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Old 12-01-2009, 07:48 PM
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Successful painting in cold weather....

Or at least what works for me.

When it comes to painting in cold weather unless you have a heated shop painting large objects like an entire body is probably not a good idea. However, you can paint moderate sized panels if you take some precautions first.

To begin with the temperature of the panel needs to be as warm as possible (within reason of course). I use heat lamps placed about 3 feet away (on both sides of the panel) and leave them on long enough to warm the metal to at least 75 degrees. You can see how I used these on my gas tank below.



Because modern paints need a temperature of at least 55-60 degrees in order for proper cross linking to take place it is important to not only preheat the metal but continue to use the heat lamps during and after painting. I leave them on for at least 4 hours after the last coat but 6 hours wouldn't hurt. Here's the finished product. One deuce gas tank painted 1964 Ford "Candy Apple Red". Its not really a candy but that's the name Ford gave it. In this case I used Martin Senour's Crossfire single stage urethane over a two part etching filler. Two mist (tack) coats followed by a medium wet coat and then a wet coat with 15 minutes between all coats. Outside temp 30 degrees, shop temp 50 degrees, metal temp at least 75-80 degrees.



The results were outstanding when you consider it was not painted in a booth and the conditions weren't optimum. I've used this technique in even colder weather and it seems to work just fine. Painted the cab on my pickup using heat lamps and PPG Omni single stage about 5 years ago and it still looks perfect.

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Last edited by Centerline; 12-01-2009 at 11:12 PM.
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Old 12-01-2009, 08:19 PM
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Lookin totally narly

Vince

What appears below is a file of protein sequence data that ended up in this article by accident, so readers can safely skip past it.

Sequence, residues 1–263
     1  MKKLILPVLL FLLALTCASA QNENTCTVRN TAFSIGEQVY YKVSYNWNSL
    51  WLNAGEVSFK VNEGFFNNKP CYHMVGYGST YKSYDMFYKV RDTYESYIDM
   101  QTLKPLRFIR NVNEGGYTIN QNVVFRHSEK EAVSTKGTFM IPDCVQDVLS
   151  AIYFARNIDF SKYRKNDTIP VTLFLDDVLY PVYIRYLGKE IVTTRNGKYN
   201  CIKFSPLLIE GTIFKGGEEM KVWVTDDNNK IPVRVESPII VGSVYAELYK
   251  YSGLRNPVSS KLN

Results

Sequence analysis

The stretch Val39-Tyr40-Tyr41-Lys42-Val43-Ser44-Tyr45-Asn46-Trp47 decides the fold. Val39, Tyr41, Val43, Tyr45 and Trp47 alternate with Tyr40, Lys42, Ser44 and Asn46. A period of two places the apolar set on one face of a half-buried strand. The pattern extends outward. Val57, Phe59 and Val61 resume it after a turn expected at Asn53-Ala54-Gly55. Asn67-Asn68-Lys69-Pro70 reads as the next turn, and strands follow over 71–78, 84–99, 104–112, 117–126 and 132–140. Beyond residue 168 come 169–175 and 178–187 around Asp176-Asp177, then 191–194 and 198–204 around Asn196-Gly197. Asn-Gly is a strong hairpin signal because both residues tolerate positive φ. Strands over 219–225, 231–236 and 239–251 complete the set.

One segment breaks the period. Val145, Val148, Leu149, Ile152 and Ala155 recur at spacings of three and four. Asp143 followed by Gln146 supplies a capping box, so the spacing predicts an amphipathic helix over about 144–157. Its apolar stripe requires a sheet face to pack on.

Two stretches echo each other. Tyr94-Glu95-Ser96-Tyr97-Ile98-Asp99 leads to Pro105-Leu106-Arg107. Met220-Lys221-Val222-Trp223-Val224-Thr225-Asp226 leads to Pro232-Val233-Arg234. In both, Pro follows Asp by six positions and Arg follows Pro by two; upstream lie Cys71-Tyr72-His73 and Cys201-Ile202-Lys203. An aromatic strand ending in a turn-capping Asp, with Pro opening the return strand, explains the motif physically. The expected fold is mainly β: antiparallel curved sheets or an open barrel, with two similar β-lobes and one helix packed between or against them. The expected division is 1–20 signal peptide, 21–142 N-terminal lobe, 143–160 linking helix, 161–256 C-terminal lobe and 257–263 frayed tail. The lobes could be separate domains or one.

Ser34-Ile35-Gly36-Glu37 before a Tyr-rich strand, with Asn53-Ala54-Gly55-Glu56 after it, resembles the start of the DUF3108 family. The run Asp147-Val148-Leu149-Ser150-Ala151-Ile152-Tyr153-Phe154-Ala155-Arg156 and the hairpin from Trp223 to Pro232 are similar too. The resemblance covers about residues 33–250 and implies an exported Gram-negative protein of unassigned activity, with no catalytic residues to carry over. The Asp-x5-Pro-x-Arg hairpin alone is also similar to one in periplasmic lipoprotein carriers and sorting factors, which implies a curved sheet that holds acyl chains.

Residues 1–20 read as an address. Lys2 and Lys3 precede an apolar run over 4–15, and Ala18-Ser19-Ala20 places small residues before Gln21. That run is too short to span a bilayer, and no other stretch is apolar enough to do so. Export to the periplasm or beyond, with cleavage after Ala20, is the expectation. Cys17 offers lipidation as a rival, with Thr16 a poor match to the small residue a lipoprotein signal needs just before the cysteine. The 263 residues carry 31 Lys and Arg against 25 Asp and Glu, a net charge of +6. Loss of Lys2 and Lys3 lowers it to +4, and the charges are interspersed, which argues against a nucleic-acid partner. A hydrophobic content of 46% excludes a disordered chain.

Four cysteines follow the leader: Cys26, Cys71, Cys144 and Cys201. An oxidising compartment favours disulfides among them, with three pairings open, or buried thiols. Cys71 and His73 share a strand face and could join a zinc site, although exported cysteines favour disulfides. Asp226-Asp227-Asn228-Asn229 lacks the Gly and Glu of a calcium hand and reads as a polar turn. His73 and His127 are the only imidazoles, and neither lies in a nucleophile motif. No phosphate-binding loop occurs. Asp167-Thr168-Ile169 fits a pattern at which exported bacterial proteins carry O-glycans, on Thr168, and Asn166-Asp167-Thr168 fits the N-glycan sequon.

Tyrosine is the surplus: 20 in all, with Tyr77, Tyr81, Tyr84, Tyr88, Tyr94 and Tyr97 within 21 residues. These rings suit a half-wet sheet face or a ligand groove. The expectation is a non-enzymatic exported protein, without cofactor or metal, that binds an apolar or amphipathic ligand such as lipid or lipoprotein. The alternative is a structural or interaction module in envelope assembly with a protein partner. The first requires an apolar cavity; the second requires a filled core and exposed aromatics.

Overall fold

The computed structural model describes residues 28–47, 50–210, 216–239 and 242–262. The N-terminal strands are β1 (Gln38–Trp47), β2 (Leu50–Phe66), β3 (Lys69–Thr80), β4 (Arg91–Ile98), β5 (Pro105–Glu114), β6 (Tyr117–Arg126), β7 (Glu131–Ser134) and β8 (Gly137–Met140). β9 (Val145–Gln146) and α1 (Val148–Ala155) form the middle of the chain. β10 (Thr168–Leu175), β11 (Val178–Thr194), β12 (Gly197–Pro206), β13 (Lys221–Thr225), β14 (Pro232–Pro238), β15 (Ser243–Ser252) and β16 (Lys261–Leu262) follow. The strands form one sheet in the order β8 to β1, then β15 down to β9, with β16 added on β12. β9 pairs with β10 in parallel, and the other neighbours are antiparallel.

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Old 12-01-2009, 09:05 PM
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Looks good centerline, but I think you are confusing epoxy and etching primer again. Etching primer isn't 2 part, okay it has 2 parts, a vinyl? resin/ zinc, and acid, but its not really a 2k product, and you really don't want to paint over it without using another primer first-most tech sheets I've seen give strict warnings against painting directly over them. Maybe you could paint over them or some manufactures say its okay after allowing plenty of time for the acid to leave, but most say its a no no. Etch primer usually has very little build and if you apply them heavy at all will be running all over the place.

Epoxy on the other hand is 2k . It doesn't contain an acid to etch the surface, its more like a glue, so surface should be sanded for adhesion, but much better then an etch primer and less chance of leading to any problems with other products or down the road.
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Old 12-01-2009, 09:09 PM
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He might be using SPI epoxy primer, it is sold as an etching primer also.

Vince
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Old 12-01-2009, 09:29 PM
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I've used it. I'm curious, So how, or what in it makes it etch? Is there an acid in it?
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Old 12-01-2009, 11:08 PM
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Quote:
Originally Posted by kenseth17
Looks good centerline, but I think you are confusing epoxy and etching primer again. Etching primer isn't 2 part, okay it has 2 parts, a vinyl? resin/ zinc, and acid, but its not really a 2k product, and you really don't want to paint over it without using another primer first-most tech sheets I've seen give strict warnings against painting directly over them. Maybe you could paint over them or some manufactures say its okay after allowing plenty of time for the acid to leave, but most say its a no no. Etch primer usually has very little build and if you apply them heavy at all will be running all over the place.

Epoxy on the other hand is 2k . It doesn't contain an acid to etch the surface, its more like a glue, so surface should be sanded for adhesion, but much better then an etch primer and less chance of leading to any problems with other products or down the road.
OK, the technical term is etching filler (I changed my original post to reflect that fact). Its Martin Senour Chromate Free Etching Filler Part # 15211 with 15212 hardener. It's a two part etching filler that Martin Senour recommends for bare metal, fiberglass, galvanized steel, cured body filler, aluminum, OEM enamels, and OEM lacquers. I like everything about it except the ugly green color.

Last edited by Centerline; 12-01-2009 at 11:14 PM.
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Old 12-01-2009, 11:22 PM
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Look's very good..